NECESSITY, IT’S SAID, is the mother of invention – and if there’s a new car that exemplifies the proverb it’s surely the Ferrari California T. Like the previous California grand tourer of 2009, the T is a V8 and thus belies a long-standing rule for Maranello’s front-engine cars, which had always been V12s. This latest incarnation, however, breaks the mould for volume-produced Ferraris even more radically, for in a heresy that will likely affront all ferraristi who believe forced induction to be anathema to the brand, it employs a brace of turbochargers.
So why these departures from tradition? Look no further than increasingly stringent regulations in the world’s major car-buying markets that demand ever-greater fuel economy and lower exhaust emissions, and have resulted in the widespread adoption of smallercapacity, high-output and high-efficiency engines right across the automobile industry. Being no more immune to such strictures than any other car manufacturer, the Italian company has sensibly opted to comply, though typically it’s found a unique way of interpreting – or perhaps that should be “Ferrarising” – the requirements.
Thus, the engine capacity of this best-selling, “entry-level” GT has been reduced to 3.85 litres from the outgoing California’s 4.3, resulting in marked improvements in both thirst and cleanliness. Yet thanks to the pair of twin-scroll blowers, variable-boost management and a host of other tweaks, power is up by almost 70bhp to a robust 552, while maximum torque – of which more a little later – has swelled to a humongous 755Nm. That’s greater than for an F12berlinetta, greater even than for the fabulous LaFerrari hypercar, and mighty impressive when you remember that the T is easily the least expensive Ferrari currently on sale.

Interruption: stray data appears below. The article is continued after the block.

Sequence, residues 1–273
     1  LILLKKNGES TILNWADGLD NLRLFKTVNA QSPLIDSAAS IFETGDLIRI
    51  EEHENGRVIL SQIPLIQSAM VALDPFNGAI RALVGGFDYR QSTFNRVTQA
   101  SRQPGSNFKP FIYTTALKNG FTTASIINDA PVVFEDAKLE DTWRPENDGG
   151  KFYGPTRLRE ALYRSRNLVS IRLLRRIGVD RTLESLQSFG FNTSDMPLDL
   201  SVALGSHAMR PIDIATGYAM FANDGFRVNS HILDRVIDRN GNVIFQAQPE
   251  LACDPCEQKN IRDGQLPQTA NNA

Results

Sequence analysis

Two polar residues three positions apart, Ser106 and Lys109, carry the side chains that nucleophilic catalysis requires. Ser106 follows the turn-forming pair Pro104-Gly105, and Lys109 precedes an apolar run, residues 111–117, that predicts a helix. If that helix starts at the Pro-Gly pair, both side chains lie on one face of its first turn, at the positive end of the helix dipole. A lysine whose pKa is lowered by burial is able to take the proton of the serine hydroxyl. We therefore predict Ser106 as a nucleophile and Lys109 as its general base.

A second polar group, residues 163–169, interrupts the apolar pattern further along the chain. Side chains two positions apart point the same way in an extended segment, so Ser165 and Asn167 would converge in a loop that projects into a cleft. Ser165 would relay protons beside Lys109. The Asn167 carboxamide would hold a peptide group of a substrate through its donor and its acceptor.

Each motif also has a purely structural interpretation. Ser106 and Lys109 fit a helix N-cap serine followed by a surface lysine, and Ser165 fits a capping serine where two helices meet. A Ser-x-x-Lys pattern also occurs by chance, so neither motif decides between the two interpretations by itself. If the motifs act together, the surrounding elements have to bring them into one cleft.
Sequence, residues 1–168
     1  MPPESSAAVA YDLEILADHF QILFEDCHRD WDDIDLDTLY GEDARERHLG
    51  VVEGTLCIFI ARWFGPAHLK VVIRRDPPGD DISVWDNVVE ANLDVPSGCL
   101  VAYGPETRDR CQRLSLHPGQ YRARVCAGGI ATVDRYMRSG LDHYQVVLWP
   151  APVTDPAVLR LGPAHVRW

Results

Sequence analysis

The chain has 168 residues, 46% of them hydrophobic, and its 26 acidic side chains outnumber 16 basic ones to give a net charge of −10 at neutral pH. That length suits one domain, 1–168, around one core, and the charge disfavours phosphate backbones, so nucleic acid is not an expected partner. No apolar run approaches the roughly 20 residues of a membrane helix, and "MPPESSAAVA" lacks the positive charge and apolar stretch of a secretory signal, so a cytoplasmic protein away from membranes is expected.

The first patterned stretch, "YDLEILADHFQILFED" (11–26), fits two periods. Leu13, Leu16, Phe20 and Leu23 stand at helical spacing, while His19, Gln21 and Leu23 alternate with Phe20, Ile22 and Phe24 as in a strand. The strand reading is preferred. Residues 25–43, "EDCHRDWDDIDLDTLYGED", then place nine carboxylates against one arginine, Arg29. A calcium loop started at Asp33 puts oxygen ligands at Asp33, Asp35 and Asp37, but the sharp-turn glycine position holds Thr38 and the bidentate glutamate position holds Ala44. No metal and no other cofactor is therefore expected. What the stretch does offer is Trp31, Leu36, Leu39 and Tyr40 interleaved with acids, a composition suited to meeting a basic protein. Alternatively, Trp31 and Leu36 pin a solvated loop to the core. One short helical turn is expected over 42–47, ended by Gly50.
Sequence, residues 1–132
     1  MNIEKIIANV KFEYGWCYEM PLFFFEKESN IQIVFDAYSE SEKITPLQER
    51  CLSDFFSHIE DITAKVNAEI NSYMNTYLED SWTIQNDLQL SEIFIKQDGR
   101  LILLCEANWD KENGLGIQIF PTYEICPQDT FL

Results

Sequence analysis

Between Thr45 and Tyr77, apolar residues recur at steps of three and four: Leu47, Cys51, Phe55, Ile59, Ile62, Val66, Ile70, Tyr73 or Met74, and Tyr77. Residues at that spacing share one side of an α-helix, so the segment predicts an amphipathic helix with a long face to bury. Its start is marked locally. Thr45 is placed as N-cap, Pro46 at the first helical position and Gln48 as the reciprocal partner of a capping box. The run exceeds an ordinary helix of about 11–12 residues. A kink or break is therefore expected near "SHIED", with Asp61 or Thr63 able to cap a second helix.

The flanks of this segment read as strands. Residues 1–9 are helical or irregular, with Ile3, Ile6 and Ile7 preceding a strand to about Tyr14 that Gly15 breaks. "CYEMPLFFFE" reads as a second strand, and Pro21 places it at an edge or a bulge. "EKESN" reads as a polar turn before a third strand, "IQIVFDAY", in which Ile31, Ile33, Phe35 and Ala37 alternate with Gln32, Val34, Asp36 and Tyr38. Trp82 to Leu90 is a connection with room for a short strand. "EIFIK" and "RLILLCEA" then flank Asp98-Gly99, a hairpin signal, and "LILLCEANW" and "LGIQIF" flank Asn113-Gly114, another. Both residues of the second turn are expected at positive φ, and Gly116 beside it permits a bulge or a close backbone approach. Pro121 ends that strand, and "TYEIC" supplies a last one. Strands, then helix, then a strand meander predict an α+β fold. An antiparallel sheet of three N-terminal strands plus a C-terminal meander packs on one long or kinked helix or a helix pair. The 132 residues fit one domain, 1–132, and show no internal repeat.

Moreover, the buzz is that in the effort further to slash the average emissions and consumption figures, forced induction will be increasingly employed throughout the model range. A turbocharged revision of the 458 is likely to be revealed at the 2015 Geneva show, and a blown-V8 option for the FF coupé/estate could well see the light during the following year.
As well as the above-listed benefits, the switch to turbo power for the California has even helped inject stylistic drama to a car that looked plain and even frumpy beside its lithe and lovely stablemate, the Italia. Although there are strong resemblances between the previous and current models, and the latter’s retractable hardtop is identical to its predecessor’s, in every other respect the T can be regarded as a brandnew design.